I've become very confused about protecting myself on Facebook. Everything I read is a bit complicated for me to follow if I want to keep my account. Can you provide any easier steps? – Fred Frantic

Dear Mr. Frantic: From what appears to be the Russian Invasion to plain ole' hackers, Facebook is in the headlines today and makes for scary reading. Many folks are fleeing what they see as a sinking ship, but for those who prefer to remain in the social media know, the following steps can help you protect your data on this site with, perhaps, fewer complications, thanks to AARP. (I might add that Facebook and Mark Zuckerberg have been pressed to come up with much more simple steps for user self-protection, but in the meantime )

Who among us hasn't, in a moment of boredom mixed with intrigue, clicked on a Facebook link to take a quiz to show how we'd look glamourized or how high our Southern intellect may be? It seemed harmless at the time, but what has become clear over the past couple of weeks is that even the tiniest Facebook click can unleash your personal data and information in ways you likely never considered. If you refuse to simply delete your account, we can better safeguard our personal information.

Fine-tune Your Third-Party Apps Settings

The quizzes and other apps on Facebook usually require you to grant access in order to use them — and it's easy to remember to "ungrant" that access once you're finished. "Access" means these suckers remain linked to your account, with access to your (no, no, no) personal information. Facebook comes right out and states this, though the reminder is placed search-it-out-deep within your apps settings page:

"On Facebook, your name, profile picture, cover photo, gender, networks, username, and user id are always publicly available to both people and apps. (Learn why). Apps also have access to your friends list and any information you choose to make public."

The good news is it's pretty easy to unlink those apps, if you know how (I love you, AARP!):

Click the downward-facing triangle at the top right of your profile page, then scroll down to "Settings."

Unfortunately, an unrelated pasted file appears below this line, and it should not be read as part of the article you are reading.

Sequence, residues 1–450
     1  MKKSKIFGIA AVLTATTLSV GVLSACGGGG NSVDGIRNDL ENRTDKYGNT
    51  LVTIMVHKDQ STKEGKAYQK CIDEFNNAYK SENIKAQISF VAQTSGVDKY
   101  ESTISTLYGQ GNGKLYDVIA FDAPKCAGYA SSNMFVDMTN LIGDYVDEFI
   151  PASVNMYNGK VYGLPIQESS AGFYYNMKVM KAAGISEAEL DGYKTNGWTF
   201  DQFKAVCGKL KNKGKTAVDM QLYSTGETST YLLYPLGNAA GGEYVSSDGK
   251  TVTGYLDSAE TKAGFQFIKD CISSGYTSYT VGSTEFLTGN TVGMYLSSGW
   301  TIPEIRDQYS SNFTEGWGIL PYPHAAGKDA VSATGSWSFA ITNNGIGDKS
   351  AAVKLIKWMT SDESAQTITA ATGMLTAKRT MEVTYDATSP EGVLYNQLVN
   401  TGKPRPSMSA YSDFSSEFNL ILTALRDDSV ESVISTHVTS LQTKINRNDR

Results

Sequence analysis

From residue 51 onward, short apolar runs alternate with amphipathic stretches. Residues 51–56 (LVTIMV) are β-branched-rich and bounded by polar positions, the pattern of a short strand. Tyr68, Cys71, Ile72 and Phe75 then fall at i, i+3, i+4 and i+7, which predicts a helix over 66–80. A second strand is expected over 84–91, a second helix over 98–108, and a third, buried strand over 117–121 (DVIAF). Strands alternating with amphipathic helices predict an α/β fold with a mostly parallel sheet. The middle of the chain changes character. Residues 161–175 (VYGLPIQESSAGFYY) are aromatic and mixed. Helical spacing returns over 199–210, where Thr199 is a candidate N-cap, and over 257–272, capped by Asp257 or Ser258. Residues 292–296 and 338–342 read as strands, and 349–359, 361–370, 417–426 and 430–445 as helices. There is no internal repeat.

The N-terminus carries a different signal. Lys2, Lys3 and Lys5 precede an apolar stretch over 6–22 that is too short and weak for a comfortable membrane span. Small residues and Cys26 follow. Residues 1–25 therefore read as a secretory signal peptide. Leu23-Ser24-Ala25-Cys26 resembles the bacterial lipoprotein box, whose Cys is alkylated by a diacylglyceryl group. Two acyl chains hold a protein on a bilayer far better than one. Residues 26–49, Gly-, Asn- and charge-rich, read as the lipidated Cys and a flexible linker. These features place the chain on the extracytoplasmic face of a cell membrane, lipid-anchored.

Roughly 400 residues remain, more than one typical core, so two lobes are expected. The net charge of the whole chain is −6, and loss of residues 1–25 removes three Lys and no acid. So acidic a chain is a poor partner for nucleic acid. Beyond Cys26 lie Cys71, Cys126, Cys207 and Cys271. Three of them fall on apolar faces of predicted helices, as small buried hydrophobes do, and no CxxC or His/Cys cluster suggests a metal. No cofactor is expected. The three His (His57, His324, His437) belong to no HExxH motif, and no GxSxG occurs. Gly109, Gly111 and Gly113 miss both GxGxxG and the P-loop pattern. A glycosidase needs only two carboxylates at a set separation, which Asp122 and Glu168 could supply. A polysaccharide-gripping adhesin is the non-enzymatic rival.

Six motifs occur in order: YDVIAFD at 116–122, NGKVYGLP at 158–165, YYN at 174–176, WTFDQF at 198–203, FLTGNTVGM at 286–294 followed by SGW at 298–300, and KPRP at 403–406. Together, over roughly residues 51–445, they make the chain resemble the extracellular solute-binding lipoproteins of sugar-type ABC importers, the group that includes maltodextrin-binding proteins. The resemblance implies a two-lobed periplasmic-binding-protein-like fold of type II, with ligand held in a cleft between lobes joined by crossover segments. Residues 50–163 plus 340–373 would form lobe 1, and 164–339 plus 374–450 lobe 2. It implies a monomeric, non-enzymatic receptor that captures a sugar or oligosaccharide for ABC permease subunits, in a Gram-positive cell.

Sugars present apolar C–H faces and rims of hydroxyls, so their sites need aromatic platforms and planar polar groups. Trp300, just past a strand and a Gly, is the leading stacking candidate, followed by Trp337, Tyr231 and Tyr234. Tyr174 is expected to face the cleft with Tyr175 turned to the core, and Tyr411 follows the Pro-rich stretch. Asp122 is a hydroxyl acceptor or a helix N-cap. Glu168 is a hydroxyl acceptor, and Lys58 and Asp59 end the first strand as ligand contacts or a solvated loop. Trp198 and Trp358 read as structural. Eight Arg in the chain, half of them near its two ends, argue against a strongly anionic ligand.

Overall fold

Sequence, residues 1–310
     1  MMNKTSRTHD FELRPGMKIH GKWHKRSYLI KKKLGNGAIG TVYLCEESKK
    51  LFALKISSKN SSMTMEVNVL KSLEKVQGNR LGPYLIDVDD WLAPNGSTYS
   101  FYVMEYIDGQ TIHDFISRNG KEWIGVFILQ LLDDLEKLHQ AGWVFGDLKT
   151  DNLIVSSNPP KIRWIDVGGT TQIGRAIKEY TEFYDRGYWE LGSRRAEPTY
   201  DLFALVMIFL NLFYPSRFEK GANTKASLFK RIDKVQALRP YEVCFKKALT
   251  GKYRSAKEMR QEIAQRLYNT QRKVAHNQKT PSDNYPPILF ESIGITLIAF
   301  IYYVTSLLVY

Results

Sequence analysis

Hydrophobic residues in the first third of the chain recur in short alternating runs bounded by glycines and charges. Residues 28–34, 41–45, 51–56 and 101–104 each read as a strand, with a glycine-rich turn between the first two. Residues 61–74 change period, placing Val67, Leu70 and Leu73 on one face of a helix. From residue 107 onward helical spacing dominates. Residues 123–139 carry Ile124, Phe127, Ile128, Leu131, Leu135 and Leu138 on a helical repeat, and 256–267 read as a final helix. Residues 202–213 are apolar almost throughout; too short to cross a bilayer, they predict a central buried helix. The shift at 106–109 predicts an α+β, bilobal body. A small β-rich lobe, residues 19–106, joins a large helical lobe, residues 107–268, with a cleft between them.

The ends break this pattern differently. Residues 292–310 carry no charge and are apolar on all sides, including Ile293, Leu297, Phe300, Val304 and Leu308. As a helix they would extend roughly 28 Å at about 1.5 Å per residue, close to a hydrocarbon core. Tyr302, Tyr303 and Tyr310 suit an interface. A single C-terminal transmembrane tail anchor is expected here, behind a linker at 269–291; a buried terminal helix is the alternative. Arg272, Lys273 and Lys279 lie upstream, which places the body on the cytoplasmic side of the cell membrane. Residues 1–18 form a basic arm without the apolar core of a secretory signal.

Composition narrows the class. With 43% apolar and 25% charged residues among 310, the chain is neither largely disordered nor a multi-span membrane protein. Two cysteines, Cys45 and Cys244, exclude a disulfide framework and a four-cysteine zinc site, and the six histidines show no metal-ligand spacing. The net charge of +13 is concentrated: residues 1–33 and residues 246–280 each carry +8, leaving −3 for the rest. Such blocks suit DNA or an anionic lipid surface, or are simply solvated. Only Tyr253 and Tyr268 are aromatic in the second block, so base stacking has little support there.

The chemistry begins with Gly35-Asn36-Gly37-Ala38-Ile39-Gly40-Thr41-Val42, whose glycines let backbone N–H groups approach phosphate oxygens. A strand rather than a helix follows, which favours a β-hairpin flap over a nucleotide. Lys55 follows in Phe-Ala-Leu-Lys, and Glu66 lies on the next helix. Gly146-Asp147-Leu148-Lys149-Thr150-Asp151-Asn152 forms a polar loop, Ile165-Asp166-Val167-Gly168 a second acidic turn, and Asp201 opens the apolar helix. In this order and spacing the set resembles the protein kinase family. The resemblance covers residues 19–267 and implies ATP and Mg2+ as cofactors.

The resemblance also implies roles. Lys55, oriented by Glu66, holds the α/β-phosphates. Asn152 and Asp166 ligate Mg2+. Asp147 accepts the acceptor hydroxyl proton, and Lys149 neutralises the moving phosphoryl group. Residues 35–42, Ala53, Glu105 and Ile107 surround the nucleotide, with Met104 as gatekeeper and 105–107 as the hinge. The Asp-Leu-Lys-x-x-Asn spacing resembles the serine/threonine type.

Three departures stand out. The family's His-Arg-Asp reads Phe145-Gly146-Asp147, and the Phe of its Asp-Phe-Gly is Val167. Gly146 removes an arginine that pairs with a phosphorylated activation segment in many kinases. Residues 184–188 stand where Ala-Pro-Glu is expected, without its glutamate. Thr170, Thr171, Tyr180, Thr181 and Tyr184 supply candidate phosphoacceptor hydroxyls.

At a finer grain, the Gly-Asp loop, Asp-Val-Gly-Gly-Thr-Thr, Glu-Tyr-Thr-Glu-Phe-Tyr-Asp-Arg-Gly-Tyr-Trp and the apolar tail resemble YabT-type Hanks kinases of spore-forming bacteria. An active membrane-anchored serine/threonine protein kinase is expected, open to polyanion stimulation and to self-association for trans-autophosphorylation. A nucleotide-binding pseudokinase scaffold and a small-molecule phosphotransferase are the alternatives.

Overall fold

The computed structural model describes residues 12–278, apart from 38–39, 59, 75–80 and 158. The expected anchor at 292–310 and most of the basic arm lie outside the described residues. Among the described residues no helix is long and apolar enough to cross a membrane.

Once in the Settings, click the "Apps" section. You'll be taken to a list of all third-party apps that you've granted access to your account.

Scroll to the bottom of this list, locate the "Apps, Websites and Plugins" box, click edit, and click "Disable Platform." On the same App Settings page, find the "Apps Others Use" box, and click Edit. You'll then be able to select which of your personal information is shared when any of your friends use apps, including your bio, your birthday, your recent Facebook activity and even your religious and political affiliations.

Modify Those Sharing Settings

Yup, I'm guilty of the next item: dictating who will see what I post to Facebook. By default, my/our profile is set to "Public," meaning anyone can see your information and posts. Limit who can see what you post:

Go to your Facebook settings by following the directions above.

Click on "Privacy" and you'll be taken to a page where you can edit "Who can see your posts?" Choose "Friends Only" for many or even all of these settings. You can also customize a list of Facebook friends who will see your posts or choose to keep your posts private to yourself only.

In the Privacy settings area, also opt out of Facebook's facial recognition system, which scans photos posted to the sites and makes tagging suggestions to other users.

Contact Ellen Phillips at